Where does your city need to improve, and how can that happen?
Our work to improve started with the approval of our Imagine Kalamazoo Master Plan and strategic vision last year. Our community reaffirmed our work to continue building a welcoming and inclusive city. Everyone is welcome to participate in our city, but we need to reach out and let everyone know that not only can they participate (but that) we want their participation. We want to know what your ideas are, what are we doing that you love? What do we need to do better on? We need to let people know that meetings and events in our city are not just for people with connections, they are for everyone and we want everyone to know that and get involved. That is the message we must send loudly and clearly.

What is your vision for your city 10 years from now, in terms of being a welcoming place to live, work and operate a business?
Kalamazoo in continuing to move in a positive direction with regard to inclusivity. As we continue to institutionalize diversity and outreach in our government and public organizations, we will have a stronger city in 10 years and will have gotten there as a result of the efforts, ideas and energy of many different voices. Our community will continue to welcome members of the LGBTQ community, immigrants, refugees, international students and show compassion to individuals in need. Our city will be an example for others to follow, demonstrating that these values are not a threat to our security, economy, or way of life, but are the true values of our country. If some folks have forgotten that, we will do what we can every day to remind them.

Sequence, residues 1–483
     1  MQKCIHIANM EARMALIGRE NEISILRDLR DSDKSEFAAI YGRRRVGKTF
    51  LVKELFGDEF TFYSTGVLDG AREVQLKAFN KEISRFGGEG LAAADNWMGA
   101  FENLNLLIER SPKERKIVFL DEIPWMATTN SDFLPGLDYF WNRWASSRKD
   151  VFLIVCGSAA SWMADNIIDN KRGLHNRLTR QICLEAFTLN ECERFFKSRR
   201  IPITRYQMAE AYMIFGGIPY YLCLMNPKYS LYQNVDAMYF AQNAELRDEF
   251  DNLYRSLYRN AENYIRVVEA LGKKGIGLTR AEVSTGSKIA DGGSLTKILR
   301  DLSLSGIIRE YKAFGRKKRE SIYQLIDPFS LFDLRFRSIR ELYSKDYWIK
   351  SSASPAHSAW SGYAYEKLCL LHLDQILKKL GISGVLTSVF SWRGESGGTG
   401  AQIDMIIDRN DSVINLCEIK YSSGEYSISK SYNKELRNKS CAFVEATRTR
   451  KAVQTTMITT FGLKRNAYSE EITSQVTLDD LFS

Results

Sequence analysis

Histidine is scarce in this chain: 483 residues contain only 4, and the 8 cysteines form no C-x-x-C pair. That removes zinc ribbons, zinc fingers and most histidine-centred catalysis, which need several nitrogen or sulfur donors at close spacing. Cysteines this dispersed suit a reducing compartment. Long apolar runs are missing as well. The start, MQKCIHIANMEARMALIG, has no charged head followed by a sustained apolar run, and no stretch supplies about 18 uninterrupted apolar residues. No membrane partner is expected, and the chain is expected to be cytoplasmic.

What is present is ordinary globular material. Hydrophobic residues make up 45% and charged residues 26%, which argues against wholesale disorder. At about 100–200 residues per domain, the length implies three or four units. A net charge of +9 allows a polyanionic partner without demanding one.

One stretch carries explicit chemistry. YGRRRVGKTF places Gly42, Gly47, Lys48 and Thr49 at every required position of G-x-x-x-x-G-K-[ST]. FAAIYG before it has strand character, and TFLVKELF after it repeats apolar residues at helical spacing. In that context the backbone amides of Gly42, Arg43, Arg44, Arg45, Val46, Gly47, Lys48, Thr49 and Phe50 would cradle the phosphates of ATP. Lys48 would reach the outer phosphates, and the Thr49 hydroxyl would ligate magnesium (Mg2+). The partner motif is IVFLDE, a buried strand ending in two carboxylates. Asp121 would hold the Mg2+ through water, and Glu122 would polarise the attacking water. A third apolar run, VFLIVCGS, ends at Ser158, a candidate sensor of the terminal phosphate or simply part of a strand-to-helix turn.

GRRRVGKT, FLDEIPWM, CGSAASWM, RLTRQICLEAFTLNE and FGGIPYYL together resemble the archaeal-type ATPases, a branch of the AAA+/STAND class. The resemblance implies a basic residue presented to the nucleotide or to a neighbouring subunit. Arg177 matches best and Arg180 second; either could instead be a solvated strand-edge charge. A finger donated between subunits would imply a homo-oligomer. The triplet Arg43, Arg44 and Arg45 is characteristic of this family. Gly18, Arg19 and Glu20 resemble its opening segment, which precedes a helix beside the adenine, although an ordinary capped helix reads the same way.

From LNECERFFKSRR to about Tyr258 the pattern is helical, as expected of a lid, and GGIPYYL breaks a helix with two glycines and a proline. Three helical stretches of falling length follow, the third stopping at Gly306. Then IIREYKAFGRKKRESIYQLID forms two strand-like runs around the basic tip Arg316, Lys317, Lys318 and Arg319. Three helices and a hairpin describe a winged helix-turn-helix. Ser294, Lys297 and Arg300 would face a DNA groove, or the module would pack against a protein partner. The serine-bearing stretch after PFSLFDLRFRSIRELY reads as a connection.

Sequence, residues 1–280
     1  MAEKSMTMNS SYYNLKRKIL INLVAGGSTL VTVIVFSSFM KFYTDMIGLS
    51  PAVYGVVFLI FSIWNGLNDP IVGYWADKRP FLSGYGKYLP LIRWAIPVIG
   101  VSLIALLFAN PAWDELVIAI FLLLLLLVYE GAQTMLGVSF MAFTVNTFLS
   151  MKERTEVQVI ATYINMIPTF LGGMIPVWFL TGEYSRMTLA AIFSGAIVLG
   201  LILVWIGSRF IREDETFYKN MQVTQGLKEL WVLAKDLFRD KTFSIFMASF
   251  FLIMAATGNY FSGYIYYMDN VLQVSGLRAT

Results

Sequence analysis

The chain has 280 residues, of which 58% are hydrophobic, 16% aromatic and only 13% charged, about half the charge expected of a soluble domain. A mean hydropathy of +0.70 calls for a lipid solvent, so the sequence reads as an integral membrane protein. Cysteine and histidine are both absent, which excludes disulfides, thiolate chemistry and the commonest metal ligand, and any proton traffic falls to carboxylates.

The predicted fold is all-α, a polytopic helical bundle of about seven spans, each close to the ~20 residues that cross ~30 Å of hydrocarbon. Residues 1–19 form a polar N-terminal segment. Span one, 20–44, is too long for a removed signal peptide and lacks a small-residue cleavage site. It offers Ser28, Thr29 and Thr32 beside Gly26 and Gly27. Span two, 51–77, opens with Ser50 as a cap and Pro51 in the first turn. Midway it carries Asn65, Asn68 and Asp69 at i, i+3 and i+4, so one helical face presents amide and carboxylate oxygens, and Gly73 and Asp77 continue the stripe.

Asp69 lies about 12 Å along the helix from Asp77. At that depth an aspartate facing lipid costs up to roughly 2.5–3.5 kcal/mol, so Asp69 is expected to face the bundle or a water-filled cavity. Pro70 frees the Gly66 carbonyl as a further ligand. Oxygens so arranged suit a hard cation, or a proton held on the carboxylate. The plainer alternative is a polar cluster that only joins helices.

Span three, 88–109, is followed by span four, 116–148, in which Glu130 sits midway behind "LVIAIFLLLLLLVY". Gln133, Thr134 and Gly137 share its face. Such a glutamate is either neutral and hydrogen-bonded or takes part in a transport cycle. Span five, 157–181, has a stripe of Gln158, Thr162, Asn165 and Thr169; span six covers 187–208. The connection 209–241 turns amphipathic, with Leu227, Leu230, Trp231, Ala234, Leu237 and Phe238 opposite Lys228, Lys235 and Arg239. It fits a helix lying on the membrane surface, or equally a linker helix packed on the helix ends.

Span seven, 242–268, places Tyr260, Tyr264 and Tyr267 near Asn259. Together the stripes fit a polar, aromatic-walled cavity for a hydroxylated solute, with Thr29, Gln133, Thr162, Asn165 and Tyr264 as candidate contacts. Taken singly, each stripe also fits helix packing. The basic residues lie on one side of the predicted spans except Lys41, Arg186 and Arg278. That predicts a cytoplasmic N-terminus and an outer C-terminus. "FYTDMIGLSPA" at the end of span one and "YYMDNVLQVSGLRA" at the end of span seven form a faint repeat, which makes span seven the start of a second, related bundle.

You were born and raised in Kalamazoo. How has Kalamazoo changed over the years in terms of being an inclusive city?
Kalamazoo has been trending in the right direction as long as I can remember. We continue to realize that there is much more that connects us than what separates us. I believe this has been true all over the country as well. The more we interact with and work together, the more we realize that diversity is not a threat. Kalamazoo voters made a statement when they emphatically approved a non-discrimination ordinance in 2008 that grants protections in the areas of employment, housing and public accommodations to the LGBTQ community. These cultural changes often don’t happen as quickly as we would like, but we are still moving forward.

You released a statement in 2015 referring to the Supreme Court’s same-sex marriage ruling as “an important step forward for our country and community.” What was it like performing marriages at such a historic moment?
I felt extremely proud of our country for taking a huge step in the right direction, allowing all members of our community, including myself, to marry who they love. The first ceremony I performed was held in Bronson Park. The couples I married were friends of mine, and many community members attended simply to witness a historic moment in our City. It was very special and long overdue.

You recently announced that you will not be seeking re-election in 2019. Do you think it will be important for future mayoral candidates in Kalamazoo to include LGBTQ rights as part of their platform?
I do. As an elected official you are representing the entire city. You are representing those who voted for you and those that did not. Each person’s rights must be protected and each person’s perspective should be considered. In addition to the clear moral reasons to support the rights of each person and oppose discrimination, by not recognizing what any group has to offer you are limiting the talent that is available. All over the world people are facing serious challenges at the local, state, regional or national level. Solutions exist, but they will be harder to find when we are limiting the most important resources: the ideas, energy and talent of our people.

For more information about Hopewell visit his site here.

About the Author:

Ellen Shanna Knoppow
Ellen Knoppow is a writer, editor and activist.